Claim Construction
Presumption that disclosed embodiments are claimed
Grammond J noted that presumptions of interpretation are often helpful in claim construction [59]. First, he noted and applied the presumption that the inventor would have intended to claim the embodiments that are disclosed in the specification [58], [70]. “[A]n interpretation of the claims that would exclude the embodiment shown in the drawings or described in the specification is suspect, as it is unlikely to reflect the inventor’s intention,” (citing 2016 FC 580 [335]). Note that Grammond J’s application of the rule made it clear that this presumption applies to any embodiment that is disclosed in the specification, not just the preferred embodiment: see also [2009] EWHC 55 (Pat) [92].

Presumption that claims should be interpreted to preserve validity?
On the other hand, Grammond J rejected Seedlings’ argument that there is a presumption “that patents should be interpreted in a way that ensures their validity” [59]. That proposition was based on the statement by the SCC in Consolboard [1981] 1 SCR 504, 521, quoting with apparent approval Sir George Jessel’s statement in Hinks & Son v Safety Lighting Co (1876) 4 ChD 607, that “the patent should be approached ‘with a judicial anxiety to support a really useful invention’.” Grammond J noted that this statement seems to be in tension with the SCC’s statement in Whirlpool 2000 SCC 67 [49a] that “[a] patent must not of course be construed with an eye on the allegedly infringing device in respect of infringement or with an eye to the prior art in respect of validity to avoid its effect.” Grammond J suggested that “the reference to ‘judicial anxiety’ appears to relate to the idea that a patent should not be invalidated on a technicality,” [59] citing Burton Parsons [1976] 1 SCR 555, 563. While it is certainly true that a patent should not be invalidated on a technicality, as Burton Parsons states, I doubt this is all that the SCC had in mind in Consolboard, where the Court explained that “where the language of the specification, upon a reasonable view of it, can be so read as to afford the inventor protection for that which he has actually in good faith invented, the court, as a rule, will endeavour to give effect to that construction” (quoting with approval Western Electric Co v Baldwin Int’l Radio [1934] SCR 570, 574). This seems to say something more than merely disfavouring technical attacks.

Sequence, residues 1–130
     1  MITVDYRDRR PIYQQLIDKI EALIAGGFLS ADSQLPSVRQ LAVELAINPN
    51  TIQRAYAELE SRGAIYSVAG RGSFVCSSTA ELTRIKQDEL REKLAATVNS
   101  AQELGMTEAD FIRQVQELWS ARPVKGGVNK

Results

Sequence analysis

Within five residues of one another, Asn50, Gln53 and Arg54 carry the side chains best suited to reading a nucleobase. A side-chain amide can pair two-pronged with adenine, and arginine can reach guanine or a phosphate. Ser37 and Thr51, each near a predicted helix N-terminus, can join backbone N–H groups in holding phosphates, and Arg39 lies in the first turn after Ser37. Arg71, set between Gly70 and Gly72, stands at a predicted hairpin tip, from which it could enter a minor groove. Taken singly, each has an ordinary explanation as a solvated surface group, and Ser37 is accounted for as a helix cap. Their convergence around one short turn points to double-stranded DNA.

I suggest that a way to reconcile Consolboard and Whirlpool is to consider Consolboard as stating a presumption that the patentee intended to claim the inventive concept that was disclosed in the specification. This is very similar to the presumption that the patentee intended to claim the specific embodiments that were disclosed, except it looks to the inventive contribution, rather than the embodiments. As the Supreme Court pointed out in Whirlpool [37] “the bargain between the patentee and the public is in the interest of both sides only if the patent owner acquires real protection in exchange for disclosure.” An inventor who has disclosed a new and useful invention and who frames a claim that is too broad or otherwise invalid receives nothing in return for their valuable disclosure. Conversely, a claim that is too narrow will be valid, but will deprive the inventor of the bulk of his due reward: see Burton Parsons at 565. A presumption that the inventor intended to claim the invention that they disclosed is no less consistent with Whirlpool, that is the presumption that the inventor intended to claim the embodiments that were disclosed. It also seems to be a realistic reflection of the inventor’s intent, and not a mere legal fiction. As Buckley LJ pointed out in the EWCA in Catnic [1982] RPC 183, 227, “An applicant for a patent will want his leading claim to be as wide as is possible consistently with its validity. He will wish to avoid any unnecessary restriction of it.”

Thursday, January 16, 2020

Period for Assessing Reasonable Compensation

Western Oilfield Equipment Rentals Ltd v M-I LLC 2019 FC 1606 O'Reilly J
            2,664,173 / Shaker and Degasser Combination